Mexican cartels, including the Sinaloa and Michoacan, oversee cultivations of both indoor and outdoor operations and engage in "human trafficking" by bringing in farm workers from regions they control, according to Vanier.
There has also been an increase in Vietnamese criminal street gangs distributing marijuana in the county, one being the Insane Viet Thugs found in 2010 by state narcotics agents to have operated grow houses and drug rings from San Jose to Vallejo, Vanier reported.
Over the last three years, the sheriff's eradication team removed 355,005 marijuana plants and seized 1,838 pounds of illegal processed marijuana bud, mostly from outdoor cultivation sites, Vanier reported.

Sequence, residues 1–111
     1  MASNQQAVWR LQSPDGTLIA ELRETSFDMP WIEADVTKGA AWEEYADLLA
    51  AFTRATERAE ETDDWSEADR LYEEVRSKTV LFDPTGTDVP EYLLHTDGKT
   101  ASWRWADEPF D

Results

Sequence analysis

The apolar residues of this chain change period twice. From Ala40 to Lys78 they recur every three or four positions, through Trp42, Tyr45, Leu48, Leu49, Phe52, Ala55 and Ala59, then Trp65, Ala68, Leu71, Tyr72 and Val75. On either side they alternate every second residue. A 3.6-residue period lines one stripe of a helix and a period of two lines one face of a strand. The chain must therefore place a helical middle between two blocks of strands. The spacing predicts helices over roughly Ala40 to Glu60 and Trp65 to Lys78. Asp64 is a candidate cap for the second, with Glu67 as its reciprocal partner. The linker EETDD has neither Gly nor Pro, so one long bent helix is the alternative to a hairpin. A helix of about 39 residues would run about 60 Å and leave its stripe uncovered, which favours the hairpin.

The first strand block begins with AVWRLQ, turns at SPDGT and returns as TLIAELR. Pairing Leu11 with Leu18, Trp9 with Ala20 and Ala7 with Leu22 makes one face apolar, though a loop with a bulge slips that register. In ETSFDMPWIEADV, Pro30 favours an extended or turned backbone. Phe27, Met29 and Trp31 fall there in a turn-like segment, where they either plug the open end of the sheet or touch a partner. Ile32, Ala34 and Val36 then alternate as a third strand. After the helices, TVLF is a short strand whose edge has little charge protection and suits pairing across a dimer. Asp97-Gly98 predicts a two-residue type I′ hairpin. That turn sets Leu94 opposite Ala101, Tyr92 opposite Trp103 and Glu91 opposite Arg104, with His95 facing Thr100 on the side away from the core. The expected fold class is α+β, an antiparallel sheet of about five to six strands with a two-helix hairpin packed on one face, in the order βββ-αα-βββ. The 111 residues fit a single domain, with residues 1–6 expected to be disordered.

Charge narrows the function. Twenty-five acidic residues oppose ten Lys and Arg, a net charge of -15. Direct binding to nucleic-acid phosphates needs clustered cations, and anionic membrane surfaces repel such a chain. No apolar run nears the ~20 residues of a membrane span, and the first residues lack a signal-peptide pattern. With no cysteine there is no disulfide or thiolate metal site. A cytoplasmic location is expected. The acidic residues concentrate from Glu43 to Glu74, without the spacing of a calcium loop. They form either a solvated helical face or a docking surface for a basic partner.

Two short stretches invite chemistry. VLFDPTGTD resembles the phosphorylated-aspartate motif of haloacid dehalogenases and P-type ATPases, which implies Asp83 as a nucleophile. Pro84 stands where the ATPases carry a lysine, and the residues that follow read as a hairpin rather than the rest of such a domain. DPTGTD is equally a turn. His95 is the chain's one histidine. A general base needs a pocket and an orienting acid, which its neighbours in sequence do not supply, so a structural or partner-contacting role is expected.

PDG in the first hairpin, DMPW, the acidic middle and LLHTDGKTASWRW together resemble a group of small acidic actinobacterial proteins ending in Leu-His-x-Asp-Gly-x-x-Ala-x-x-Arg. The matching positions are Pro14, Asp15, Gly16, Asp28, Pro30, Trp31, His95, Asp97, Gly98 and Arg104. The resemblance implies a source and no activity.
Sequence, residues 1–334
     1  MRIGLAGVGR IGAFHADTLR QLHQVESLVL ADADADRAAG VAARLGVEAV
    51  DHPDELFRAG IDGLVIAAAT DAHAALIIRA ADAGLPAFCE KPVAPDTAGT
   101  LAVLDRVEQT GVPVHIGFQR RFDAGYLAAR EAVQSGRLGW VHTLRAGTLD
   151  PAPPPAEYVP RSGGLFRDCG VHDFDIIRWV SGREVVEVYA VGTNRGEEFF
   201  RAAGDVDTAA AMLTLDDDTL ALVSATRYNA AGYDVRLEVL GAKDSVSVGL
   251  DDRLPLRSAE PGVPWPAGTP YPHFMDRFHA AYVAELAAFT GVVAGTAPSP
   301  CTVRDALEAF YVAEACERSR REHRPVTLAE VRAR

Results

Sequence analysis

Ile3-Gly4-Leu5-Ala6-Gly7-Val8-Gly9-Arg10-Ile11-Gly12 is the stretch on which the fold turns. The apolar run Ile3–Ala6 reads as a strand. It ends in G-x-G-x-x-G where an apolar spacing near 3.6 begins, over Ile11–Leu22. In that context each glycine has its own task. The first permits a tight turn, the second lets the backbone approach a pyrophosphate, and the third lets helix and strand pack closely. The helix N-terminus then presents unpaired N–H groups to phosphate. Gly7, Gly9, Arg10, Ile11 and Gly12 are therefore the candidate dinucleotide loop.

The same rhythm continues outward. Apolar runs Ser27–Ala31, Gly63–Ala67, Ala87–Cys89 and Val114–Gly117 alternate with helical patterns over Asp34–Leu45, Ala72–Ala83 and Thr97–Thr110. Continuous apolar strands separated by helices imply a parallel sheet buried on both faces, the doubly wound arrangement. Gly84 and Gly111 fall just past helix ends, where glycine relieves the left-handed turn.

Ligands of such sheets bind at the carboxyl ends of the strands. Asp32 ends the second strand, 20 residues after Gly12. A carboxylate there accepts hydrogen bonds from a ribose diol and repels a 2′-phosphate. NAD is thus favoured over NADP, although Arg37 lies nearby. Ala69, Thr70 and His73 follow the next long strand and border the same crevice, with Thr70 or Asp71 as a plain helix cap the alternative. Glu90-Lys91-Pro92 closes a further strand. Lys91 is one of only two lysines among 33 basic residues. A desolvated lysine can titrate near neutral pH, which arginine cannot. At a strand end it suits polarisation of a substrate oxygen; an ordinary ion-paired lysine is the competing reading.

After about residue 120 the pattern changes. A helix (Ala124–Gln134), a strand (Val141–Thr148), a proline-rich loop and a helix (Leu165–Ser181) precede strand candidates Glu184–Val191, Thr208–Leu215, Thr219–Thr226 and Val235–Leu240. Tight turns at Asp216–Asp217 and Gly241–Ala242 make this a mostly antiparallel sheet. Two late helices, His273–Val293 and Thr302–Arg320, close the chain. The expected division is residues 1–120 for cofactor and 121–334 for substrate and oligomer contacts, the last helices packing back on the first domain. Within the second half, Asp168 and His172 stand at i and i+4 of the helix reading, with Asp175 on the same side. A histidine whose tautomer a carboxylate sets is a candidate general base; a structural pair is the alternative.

In one case this year, the office prosecuted a person for trying to sell six pounds of dried marijuana and 12 pounds of concentrated marijuana.
The person claimed to have been delivering marijuana for a San Jose-based dispensary. During the defendant's trial, the director of the dispensary said the club had 14,000 members in two "stores" in San Jose and that 50 "vendors" from throughout the state provided the club with its marijuana.
The director said that he had never visited any of the cultivation sites and that the club earned about $1 million a year selling about 100 pounds of dried marijuana and 30 to 40 pounds of concentrated cannabis known as "wax."
Since 2009, six marijuana dispensaries opened in unincorporated county lands without land use approvals. Five closed within a month after being contacted by the sheriff's office and county code enforcers, while one dispensary was annexed to San Jose, according to Gallegos.